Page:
New research has revealed that some lovers in the UK are far more likely to orgasm during sex than others, while one in twenty (5%) never orgasm at all.
The study, conducted by bed and mattress specialists, Bed SOS, found that almost one in ten (8%) women never experience an orgasm, despite having sex an average of 3.2 times per week.
However, 98% of men are orgasming at least once a week and have an average rate of 3.7 times, meaning more than once per session.
Those in Newcastle were the most likely to orgasm during sex despite having sex less than the national average, whilst those in Edinburgh were least likely.
The research also identified the professions which are doing the deed most and least often. While those working in healthcare have the most sex each week (3.6 times a week), media and marketing professionals make love the least (2.7). Interestingly, artists and designers have the most orgasms (4.1).
The professions that are having the most sex each week are:
- Healthcare professionals e.g doctor, dentist, nurse (3.7 times)
- Finance (3.6 times)
- HR / Recruitment (3.5 times)
- IT (3.4 times)
- Retail workers (3.3 times)
Despite not having as much sex as other professions, artists and designers have an average of 4.4 orgasms a week, which is almost 1.5 times every time they have sex.
The five professions which have the most orgasms a week are:
- Artists / Designer (4.4 times)
- Plumber / Electrician (3.1 times)
- Accountants (3.6 times)
- Retail Workers (3.4 times)
- IT (3.3 times)
Studies have shown that 80% of women have faked an orgasm, which means many aren’t receiving the incredible health benefits that come from them. Orgasms can relieve stress and release tension and they also help with sleep, which can be extremely beneficial for those with problems like insomnia. Other benefits include pain relief – thanks to a release of endorphins, brain stimulation and looking younger.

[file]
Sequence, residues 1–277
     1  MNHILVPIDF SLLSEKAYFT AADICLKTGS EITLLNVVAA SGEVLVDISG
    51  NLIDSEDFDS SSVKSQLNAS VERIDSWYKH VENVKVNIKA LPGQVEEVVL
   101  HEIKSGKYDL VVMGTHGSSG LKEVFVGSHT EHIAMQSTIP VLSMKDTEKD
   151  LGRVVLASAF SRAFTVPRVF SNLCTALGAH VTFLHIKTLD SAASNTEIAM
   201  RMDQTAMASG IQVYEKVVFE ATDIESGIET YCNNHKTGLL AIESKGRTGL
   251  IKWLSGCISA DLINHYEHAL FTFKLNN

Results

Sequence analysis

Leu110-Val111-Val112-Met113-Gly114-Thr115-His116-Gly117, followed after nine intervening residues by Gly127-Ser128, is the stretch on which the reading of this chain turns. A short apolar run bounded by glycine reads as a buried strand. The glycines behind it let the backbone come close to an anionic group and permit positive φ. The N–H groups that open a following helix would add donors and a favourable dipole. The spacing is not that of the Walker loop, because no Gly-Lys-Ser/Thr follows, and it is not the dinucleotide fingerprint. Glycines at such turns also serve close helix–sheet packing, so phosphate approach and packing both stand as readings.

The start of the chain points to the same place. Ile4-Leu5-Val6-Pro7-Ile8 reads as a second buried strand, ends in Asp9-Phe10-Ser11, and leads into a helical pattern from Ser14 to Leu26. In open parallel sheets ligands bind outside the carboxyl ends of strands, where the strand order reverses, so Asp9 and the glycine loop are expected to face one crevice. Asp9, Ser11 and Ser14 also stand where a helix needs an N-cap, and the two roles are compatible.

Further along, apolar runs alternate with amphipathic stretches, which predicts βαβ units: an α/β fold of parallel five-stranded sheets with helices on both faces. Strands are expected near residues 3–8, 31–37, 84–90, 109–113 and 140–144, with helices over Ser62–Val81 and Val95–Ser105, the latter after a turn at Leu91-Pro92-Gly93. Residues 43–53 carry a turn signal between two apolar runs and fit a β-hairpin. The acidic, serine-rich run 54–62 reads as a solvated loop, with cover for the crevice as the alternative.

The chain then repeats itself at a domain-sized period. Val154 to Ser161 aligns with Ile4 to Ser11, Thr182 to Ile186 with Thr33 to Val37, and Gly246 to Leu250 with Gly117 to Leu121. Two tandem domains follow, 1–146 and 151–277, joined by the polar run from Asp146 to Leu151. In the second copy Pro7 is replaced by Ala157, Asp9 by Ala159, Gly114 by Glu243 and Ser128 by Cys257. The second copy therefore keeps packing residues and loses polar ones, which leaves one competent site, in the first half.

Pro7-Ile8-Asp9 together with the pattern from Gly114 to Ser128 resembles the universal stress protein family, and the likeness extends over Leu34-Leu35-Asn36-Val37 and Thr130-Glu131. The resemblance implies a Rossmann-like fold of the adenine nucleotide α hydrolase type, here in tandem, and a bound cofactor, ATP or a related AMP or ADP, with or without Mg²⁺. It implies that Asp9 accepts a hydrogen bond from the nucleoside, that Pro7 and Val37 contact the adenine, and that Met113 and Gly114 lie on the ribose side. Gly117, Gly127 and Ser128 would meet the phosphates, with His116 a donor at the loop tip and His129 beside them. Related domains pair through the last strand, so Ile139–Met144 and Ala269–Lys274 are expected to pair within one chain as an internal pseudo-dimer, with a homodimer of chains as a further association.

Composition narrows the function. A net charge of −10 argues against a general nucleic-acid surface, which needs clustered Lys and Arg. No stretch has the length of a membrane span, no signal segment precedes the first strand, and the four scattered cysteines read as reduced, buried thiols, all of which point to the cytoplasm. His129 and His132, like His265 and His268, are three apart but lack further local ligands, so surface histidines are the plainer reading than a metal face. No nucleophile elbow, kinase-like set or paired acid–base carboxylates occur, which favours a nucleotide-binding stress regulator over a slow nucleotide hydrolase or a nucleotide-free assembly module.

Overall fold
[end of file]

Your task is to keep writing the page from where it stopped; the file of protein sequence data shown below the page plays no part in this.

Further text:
For those looking for more intimacy in their relationships, Bed SOS asked five sex-perts to give their tips:
- Watch something erotic
Asa Baav, spokesperson for Tailor Matched: “Reading erotica, watching pornography, fantasising about an erotic scenario, or even just thinking about sex all trigger a response in the brain — which contribute to feelings of arousal.”
- Try new things
Jonathan Stander, clinical image therapist at Couples Help: “New experiences, rather than material things, can re-stimulate a stagnating sex life, helping to cement that team effort and dependency on one another.”
- Stay healthy
Clarissa Bloom, sex and dating expert for DrinksPal: “Exercise and a healthy diet are great ways to help increase your sex drive. They help to lower the stress hormone, cortisol, and lead to a release in endorphins.”
- Focus on the moment
Nico Jaramillo Yahovleva, Clinical Psychologist, Sexologist and Hypnotherapist from The Intimology Institute: “One of the secrets is to be present in the moment and to build up an erotic atmosphere in the bedroom. That way you can avoid performance anxiety, which just adds more stress.”
Michael Charming, Orgasm & Relationship Coach, Author of Amplify Your Orgasm: “If one person does not allow the other a free flow of expressions and feelings, it creates restrictions and blockages in intimacy which will impact sexual drive towards the other person.”
Danny Richmond, Managing Director of Bed SOS, said: “There’s not a right or wrong amount of sex and orgasms to have, but it’s interesting to see how the figures vary across the UK.
“You certainly can’t measure the success of a relationship by such numbers, but if you’d like to spice things up, hopefully these expert tips can help you rediscover that spark in bed.”
To see how much sex people in your city are having, visit: https://www.bedsos.co.uk/blog